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The introduction of DNA barcoding techniques in 2003 has provoked controversy, uncertainty and new debates within the taxonomic community. Reactions to the innovation have been well documented and for a comprehensive list of barcoding related publications, Canadian Centre for DNA Barcoding's website». Whilst the content of this page cannot do justice to the depth and breadth of the complex debates concerning the potential benefits and disadvantages of using DNA barcoding, we have identified 4 main issues which continue to appear in the literature:
DNA barcoding as a concept and practice rests on the identification of one gene segment as a standard and precise species identifier for animals (Cytochrome Oxidase 1). In the case of plants, the potential of several gene segments as species identifiers, are currently being debated. Although barcoding advocates claim to have demonstrated that 'one gene works' (in the case of animals), agreement about the concept of such a 'barcode' has not been reached across the taxonomic community. Furthermore, the broader, philosophical questions and debates around the 'species concept' have also been affected and indeed enriched since the introduction of barcoding techniques for species identification. The research team are interested in how good taxonomic science is defined in a period where many taxonomic conventions are subject to innovation and change.
What's in a barcode?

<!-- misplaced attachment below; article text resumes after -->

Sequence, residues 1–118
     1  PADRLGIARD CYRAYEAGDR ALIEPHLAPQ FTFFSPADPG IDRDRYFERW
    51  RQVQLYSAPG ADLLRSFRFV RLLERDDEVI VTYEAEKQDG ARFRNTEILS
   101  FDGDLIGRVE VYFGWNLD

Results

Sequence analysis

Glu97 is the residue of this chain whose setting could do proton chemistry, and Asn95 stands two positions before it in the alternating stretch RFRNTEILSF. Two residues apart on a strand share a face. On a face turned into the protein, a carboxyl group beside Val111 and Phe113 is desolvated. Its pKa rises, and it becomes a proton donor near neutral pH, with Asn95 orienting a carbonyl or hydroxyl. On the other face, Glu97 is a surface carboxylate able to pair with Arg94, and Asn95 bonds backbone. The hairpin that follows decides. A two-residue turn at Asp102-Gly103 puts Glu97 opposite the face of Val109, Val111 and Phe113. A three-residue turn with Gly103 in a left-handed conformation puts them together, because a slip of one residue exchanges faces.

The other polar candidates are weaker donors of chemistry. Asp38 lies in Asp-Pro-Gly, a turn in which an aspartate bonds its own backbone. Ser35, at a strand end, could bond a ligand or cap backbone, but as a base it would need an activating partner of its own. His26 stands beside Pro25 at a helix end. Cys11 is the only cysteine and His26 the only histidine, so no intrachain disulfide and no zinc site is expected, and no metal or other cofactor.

Discussions around the potential of barcoding for taxonomy have been characterised by differences in opinion concerning the use of a barcode for species identification alone or for the discovery and delimitation of taxa. Whilst some members of the taxonomic community firmly state that DNA barcoding and DNA taxonomy are 2 quite different concepts, others believe that the separation is not quite so clear. The research team are interested in how the taxonomic sciences debate this issue, and how they will seek achieve closure on it.
How to 'read' a barcode:
A DNA barcode can be subject to many different kinds of analysis aided by the use of mathematical algorithms. One example of an ongoing discussion within the community is that of the merits of 'distance analysis' versus 'character based analysis'.
Less resources for 'traditional' taxonomy?
Some critics of barcoding are worried about what they perceive to be the siphoning off of much needed funding for the development of high-tech and fashionable barcoding projects. Barcoding advocates, on the other hand, are of the opinion that the sources for barcoding funding would not naturally fund 'traditional' taxonomic projects. Moreover, they believe that the promotion of digitisable, DNA-based taxonomic techniques will provide a trickle down effect, thus bringing added value to the taxonomic community through supporting more traditional methods. The research team are interested in documenting the ways in which the funding of taxonomic research continues to change with the introduction of barcoding techniques and a growing interest in taxonomy from fields which previously were less interested in the products of taxonomic practice (such as forensics and public health).
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